Soccer's New Ball-Tracking Technology Should Be Used In Every Sport

At last, after years of horribly bad referee calls, the cave full of old crooks and farts known as FIFA has approved the use of technology to track the ball in soccer games. This is a huge change, with profound implications in the most popular sport in the world.

Soccer is played by more than 250 million people in over 200 countries. It moves more money than any other sport on the planet. More importantly, billions of fans watch it avidly every other day. A soccer game — the European Cup 2012 final in which Spain destroyed Italy — generated more tweets than any other sporting event before it.

All of those fans love soccer as much as they love to discuss referee calls during and after the game. Calls that, when erroneous, may not only decide the outcome of a game but the fate of a team in a given competition or tournament, both of which often have national pride at stake. Moreover, a bad call may represent hundreds of millions of dollars won or lost for a team — to say nothing of making a whole country cry. You know (or should), like when the USA lost that game to Slovenia in the World Cup.

HawkEye and GoalRef

That bad call, however, would still not have been avoided even if the technology that FIFA has approved today — through the International Football Association Board (IFAB) — had been in place.

The approved tech only affects ghost goals. Ghost goals occur when the ball passes the goal line but then jumps straight back out. Technically, it is a goal. But referees sometimes don't call it as such because they can't see it from their point of view — even while the entire world can see it clearly on their TVs.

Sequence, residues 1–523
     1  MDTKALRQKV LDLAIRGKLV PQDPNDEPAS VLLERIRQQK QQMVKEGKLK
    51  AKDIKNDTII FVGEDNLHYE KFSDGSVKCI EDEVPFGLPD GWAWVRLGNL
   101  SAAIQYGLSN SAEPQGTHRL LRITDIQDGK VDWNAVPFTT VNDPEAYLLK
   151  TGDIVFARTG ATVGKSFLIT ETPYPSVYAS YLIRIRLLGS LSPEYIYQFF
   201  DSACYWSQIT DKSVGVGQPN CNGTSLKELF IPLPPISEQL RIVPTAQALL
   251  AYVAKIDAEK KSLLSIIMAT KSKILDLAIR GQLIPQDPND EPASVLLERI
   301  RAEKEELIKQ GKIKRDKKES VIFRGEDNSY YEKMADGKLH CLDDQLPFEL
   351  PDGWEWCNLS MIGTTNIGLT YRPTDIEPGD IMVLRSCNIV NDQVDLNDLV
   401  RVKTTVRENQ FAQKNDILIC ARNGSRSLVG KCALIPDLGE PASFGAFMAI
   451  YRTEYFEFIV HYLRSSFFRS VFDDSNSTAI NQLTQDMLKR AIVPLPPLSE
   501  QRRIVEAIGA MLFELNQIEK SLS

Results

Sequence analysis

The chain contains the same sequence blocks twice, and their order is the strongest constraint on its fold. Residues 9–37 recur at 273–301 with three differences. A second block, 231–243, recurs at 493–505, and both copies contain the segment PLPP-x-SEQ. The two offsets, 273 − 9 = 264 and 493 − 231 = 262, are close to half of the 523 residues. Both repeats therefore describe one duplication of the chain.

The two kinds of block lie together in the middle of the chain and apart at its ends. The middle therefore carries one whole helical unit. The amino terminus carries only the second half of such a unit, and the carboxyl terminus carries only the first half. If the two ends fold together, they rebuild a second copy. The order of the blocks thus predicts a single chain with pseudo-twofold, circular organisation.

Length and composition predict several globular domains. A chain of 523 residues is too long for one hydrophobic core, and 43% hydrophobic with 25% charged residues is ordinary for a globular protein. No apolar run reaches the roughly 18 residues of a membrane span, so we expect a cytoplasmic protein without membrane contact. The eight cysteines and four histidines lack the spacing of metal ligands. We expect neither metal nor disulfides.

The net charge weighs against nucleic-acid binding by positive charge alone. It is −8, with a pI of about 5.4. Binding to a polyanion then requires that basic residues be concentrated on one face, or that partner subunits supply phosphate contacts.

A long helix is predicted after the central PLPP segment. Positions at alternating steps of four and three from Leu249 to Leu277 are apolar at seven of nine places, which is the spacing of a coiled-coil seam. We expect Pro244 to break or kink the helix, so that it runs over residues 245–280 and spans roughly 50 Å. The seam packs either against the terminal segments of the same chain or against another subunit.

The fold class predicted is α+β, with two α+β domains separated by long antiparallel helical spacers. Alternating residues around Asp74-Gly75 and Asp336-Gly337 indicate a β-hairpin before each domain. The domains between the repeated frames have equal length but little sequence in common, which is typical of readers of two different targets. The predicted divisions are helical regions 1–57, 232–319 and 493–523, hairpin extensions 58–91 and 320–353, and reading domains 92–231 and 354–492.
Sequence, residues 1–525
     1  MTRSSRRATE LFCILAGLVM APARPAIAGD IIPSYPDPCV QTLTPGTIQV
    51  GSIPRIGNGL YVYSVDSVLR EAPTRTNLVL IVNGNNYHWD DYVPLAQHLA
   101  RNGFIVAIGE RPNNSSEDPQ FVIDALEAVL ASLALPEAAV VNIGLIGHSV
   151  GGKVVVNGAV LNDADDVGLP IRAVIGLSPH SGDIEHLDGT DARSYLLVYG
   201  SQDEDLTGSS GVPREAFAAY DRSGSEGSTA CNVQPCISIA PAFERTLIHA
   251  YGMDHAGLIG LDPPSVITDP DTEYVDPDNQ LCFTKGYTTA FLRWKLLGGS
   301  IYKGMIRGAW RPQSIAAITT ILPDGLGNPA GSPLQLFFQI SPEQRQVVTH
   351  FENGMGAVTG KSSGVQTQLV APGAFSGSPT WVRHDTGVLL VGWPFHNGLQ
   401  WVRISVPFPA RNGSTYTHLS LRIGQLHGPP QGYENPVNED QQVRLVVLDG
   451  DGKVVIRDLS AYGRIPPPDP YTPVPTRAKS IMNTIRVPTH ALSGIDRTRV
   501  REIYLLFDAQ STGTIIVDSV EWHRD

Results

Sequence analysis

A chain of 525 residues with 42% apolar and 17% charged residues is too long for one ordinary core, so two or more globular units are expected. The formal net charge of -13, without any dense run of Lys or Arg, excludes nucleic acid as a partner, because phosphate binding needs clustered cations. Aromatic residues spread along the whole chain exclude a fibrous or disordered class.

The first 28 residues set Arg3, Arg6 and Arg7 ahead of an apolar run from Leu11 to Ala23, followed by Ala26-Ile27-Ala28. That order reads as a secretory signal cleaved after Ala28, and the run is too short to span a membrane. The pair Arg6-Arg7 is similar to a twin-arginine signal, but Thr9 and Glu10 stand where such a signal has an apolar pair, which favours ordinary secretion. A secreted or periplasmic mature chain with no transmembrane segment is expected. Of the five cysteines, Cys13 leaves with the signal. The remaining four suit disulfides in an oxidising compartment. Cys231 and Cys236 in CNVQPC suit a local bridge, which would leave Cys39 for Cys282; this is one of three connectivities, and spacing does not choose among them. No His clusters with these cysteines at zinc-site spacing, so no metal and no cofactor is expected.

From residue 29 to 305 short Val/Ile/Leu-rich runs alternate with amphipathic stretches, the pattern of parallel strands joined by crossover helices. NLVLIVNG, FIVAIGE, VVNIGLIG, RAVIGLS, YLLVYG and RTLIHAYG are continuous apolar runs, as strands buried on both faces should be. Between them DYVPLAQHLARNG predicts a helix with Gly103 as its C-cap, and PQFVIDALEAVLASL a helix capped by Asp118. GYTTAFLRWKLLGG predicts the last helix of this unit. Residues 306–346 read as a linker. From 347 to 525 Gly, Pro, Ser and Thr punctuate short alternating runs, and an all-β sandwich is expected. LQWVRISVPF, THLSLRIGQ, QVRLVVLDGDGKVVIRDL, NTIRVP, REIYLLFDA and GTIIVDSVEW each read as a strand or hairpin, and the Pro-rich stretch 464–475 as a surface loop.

Other times, the refs seem to have ignoble intentions — like when Lampard scored for England against Germany in South Africa '10, or Spain's Michel kicked the ball inside Brazil's goal in Mexico '86 only for it to bounce out.

The first technology is called HawkEye, which had been used in tennis for quite some time. HawkEye's cameras will be installed on the pitch's goalposts. They will track the ball and make sure it has passed the line.

For redundancy, there will be another tracking technology called GoalRef. Developed by Fraunhofer Institute for Integrated Circuits IIS, GoalRef uses a low magnetic field around the goals, creating an invisible radio curtain. When the ball fully goes through that curtain, the magnetic field changes and the system sends an alert to the referee's wristwatch.

Both will be great additions that will avoid extremely bad and embarrassing decisions by the referee.

More is Needed

But technology can do a lot more right now, eliminating 90 per cent of the most common problems in referee decisions: off-sides. They only need to incorporate location microchips into players' boots and the ball. It doesn't have to be GPS. It could work locally, with a computer triangulating the position of players and balls using receptors placed around the field. It's not science-fiction technology. It can be easily done and it's not expensive for a sport that generates more money than any other in the world.

A technology like that, plus multiple cameras, would eliminate most of the problems and randomness of soccer, while avoiding interrupting the game too much.

Why they don't do it? Some say that, if you make it all too perfect, you take power away from the referees and the soccer federations. Others say that you will take la salsa off the sport. Like I said, people love to argue about these things. And then there are those that say that this would stop the game.

It's all bollocks, especially the last part: the game stops every time there's referee call, but even more so when it's a dubious fault, penalty, goal or offside. It's then when players and referee waste minutes discussing the play (and frustrated players get pissed off too, which later usually leads to more adrenaline and violence in the field).